A Race to the Top
- Episodes : 23
- Genre : Comedy, Sports, Drama
- Airing Date : October 2018 to March 2019
- Producers : Production I.G
Kaze ga Tsuyoku Fuiteiru (Run with the Wind) Introduction and Story
While the genre is an acquired taste, sports anime are quite accessible regardless of whether the central activity holds any personal interest. A few shows pay more attention to the game itself, but most employ the sport as a tool to foster endearing relationships and promote character development. Although boxing is not for everyone, the majority of people can relate to a timid character seeking to break out of his shell. In a great sports anime, the sport tends to be secondary. Run with the Wind serves as a perfect example of this point.
As implied by the title, Kaze ga Tsuyoku Fuiteiru centers around a University's relay team trying to qualify for the Hakone Ekiden marathon. A former runner forced to retire due to an injury, Haiji Kiyose has spent the last four years secretly persuading students to join his dorm in order to build a team capable of going the distance. The final piece of the puzzle arrives in the form of Kakeru Kurahara, a brilliant albeit unsocial runner who turns his back on the sport after an episode in high school. It will take some convincing and a whole lot of training but Haiji plans to transform nine strangers into a Hakone relay team!
1. A Group Effort
Putting aside shows revolving around solo sports, the genre's entries typically focus on the main character's interactions with the club's members. While Shohoku High's basketball team are all well-developed, Slam Dunk remains Hanamichi Sakuragi's story. Arguably the only proper runner on the team, Kakeru technically qualifies as Run with the Wind's protagonist. That being said, the anime essentially has an ensemble cast. Hakone is split into ten sections with a different runner handling each portion. A team must consist of ten members to participate, therefore everyone is as equally important to the cause as Kakeru. Run with the Wind explores all ten characters.
2. The Journey & the Destination
As the old saying goes, it is the journey that matters and not the destination. Ideally, an enthralling journey culminates in an exciting climax that serves up a satisfying conclusion to the plot and characters. Run with the Wind is the full package! Every single character matures throughout the course of the series, while the final stretch of episodes offers a sense of conclusiveness too often absent in anime. As the original manga ended a long time ago, the adaptation was free to tell a complete story rather than drag things out in hope of a sequel. By the end of the series, Run with the Wind has guided audiences on an emotionally exhaustive and fulfilling adventure with a group of flawed but likable friends.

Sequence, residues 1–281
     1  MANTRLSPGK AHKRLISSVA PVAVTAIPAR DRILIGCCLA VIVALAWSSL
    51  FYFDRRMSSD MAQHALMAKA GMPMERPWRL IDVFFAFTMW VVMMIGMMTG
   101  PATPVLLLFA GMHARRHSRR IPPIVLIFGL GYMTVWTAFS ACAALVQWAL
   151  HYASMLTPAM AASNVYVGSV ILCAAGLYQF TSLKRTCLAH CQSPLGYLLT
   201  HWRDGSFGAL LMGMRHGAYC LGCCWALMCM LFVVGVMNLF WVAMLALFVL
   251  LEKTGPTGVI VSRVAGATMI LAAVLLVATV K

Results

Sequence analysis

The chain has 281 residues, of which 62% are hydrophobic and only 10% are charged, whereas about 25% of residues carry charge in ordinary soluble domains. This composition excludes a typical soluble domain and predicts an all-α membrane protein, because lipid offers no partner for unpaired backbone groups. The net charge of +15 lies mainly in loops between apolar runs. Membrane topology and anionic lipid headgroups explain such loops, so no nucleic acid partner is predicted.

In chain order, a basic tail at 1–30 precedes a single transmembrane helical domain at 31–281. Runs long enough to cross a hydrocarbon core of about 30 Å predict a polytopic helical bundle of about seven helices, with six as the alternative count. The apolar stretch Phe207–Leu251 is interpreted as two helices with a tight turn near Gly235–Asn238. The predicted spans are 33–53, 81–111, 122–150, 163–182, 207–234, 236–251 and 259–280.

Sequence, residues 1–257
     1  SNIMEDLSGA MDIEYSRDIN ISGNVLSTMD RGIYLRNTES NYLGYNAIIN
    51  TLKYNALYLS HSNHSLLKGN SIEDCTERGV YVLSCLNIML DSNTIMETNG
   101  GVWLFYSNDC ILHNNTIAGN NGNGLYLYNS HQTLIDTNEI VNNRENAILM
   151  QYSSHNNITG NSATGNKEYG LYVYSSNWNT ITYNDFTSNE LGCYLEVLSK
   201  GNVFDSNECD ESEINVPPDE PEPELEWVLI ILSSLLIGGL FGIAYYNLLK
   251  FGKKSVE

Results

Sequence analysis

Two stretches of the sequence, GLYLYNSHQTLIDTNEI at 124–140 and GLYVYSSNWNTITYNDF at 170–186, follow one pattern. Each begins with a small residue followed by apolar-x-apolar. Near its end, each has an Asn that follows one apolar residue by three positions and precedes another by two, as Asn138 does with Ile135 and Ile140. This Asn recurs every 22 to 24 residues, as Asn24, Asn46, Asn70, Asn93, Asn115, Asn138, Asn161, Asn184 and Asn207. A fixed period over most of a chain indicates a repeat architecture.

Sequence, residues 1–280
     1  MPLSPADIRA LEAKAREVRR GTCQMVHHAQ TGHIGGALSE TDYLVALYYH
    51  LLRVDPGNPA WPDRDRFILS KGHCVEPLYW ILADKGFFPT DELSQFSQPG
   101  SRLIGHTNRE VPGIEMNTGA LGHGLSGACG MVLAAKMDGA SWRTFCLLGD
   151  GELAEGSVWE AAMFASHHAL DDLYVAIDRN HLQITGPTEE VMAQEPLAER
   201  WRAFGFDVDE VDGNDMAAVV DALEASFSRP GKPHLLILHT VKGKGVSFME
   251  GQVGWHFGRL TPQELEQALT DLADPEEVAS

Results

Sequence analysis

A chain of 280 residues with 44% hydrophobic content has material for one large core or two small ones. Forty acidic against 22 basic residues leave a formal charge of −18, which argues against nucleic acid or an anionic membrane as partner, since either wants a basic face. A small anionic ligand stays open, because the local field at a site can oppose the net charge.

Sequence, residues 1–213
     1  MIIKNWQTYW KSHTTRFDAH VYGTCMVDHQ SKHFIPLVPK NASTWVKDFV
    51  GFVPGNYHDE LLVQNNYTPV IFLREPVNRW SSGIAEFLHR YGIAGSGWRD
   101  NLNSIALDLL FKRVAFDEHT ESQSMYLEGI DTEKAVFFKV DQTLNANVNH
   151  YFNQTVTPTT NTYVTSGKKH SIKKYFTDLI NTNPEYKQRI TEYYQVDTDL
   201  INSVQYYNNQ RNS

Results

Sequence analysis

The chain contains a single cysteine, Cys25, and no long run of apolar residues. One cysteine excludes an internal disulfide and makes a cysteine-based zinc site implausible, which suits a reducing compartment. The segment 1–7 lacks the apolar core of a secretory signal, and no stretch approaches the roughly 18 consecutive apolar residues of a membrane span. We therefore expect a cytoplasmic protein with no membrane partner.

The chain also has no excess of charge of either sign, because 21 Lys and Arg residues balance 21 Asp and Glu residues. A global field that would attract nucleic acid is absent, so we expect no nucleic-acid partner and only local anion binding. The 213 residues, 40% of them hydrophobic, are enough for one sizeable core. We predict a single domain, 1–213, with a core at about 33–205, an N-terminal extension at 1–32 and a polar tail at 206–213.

3. Slice of Life
Run with the Wind is listed under sports, comedy, and drama. The anime definitely produces enough laughs, tears, and heart-pounding sprints to convince as a member of each genre. That being said, slice of life fans should consider trying out Production I.G.’s series. Haiji may be grooming the guys to participate at Hakone, but the majority of the episodes center around the team’s everyday lives and training. Winning Hakone is not the point. Run with the Wind is preoccupied with exploring a group of wildly different university students as they attempt to attain confidence in themselves prior to embarking towards adulthood. Run with the Wind amounts to more than a sports anime.
1. A Lethargic Start
Lasting for 23 episodes, Run with the Wind is longer than most. The first cour primarily deals with Haiji’s repeated attempts to convince the rest of the guys, who are understandably dismissive of their chances of qualifying for Hakone, to form a team. Due to his past, Kakeru puts on a defensive front whenever interacting with the rest of the cast. Combined with the team’s resistance to Haiji’s plan, a fair number of the early episodes amount to endless bickering between the guys. Although Run with the Wind does not exactly stumble out of the gate, the anime saves its energy for the final stretch. This slower pacing suits such a character-driven narrative, even if the show’s brilliance only begins to truly reverberate during the second cour.
Run with the Wind ranks among the greatest sports anime in recent memory and also offers something to keep those uninterested in the genre coming back for more. Production I.G. deserves praise for splendidly adapting Miura Shion and Sorata Unno’s 2007 manga into such a beautiful and warm anime.
Did you agree with our review? Is Run with the Wind worth watching? Please let us know in the comments below!